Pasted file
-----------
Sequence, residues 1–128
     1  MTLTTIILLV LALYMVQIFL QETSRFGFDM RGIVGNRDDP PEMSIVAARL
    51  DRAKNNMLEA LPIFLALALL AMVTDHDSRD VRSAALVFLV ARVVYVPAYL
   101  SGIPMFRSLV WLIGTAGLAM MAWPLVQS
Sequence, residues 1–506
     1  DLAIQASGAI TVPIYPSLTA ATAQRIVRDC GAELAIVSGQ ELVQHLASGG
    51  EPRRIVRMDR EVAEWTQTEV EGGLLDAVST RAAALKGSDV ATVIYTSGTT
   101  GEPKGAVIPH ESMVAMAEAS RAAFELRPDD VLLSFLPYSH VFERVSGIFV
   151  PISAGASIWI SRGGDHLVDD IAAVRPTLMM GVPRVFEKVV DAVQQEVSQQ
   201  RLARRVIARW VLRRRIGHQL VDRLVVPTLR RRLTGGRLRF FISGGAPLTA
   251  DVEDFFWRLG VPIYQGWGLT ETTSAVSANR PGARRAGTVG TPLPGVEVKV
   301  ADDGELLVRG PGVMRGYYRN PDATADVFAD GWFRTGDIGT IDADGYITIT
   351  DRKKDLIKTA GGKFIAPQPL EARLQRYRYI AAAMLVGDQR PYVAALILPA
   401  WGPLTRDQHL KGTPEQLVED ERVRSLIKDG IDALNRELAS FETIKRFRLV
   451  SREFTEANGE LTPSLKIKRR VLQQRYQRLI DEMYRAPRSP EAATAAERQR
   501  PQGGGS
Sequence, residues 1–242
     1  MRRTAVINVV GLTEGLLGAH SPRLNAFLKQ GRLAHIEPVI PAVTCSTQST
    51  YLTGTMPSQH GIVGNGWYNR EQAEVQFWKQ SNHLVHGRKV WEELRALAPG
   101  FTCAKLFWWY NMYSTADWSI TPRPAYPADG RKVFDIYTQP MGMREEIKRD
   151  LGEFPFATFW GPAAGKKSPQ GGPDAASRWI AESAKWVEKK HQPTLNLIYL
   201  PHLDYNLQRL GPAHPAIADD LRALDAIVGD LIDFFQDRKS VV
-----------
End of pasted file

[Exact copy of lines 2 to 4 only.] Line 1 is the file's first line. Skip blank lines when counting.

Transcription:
     1  MTLTTIILLV LALYMVQIFL QETSRFGFDM RGIVGNRDDP PEMSIVAARL
    51  DRAKNNMLEA LPIFLALALL AMVTDHDSRD VRSAALVFLV ARVVYVPAYL
   101  SGIPMFRSLV WLIGTAGLAM MAWPLVQS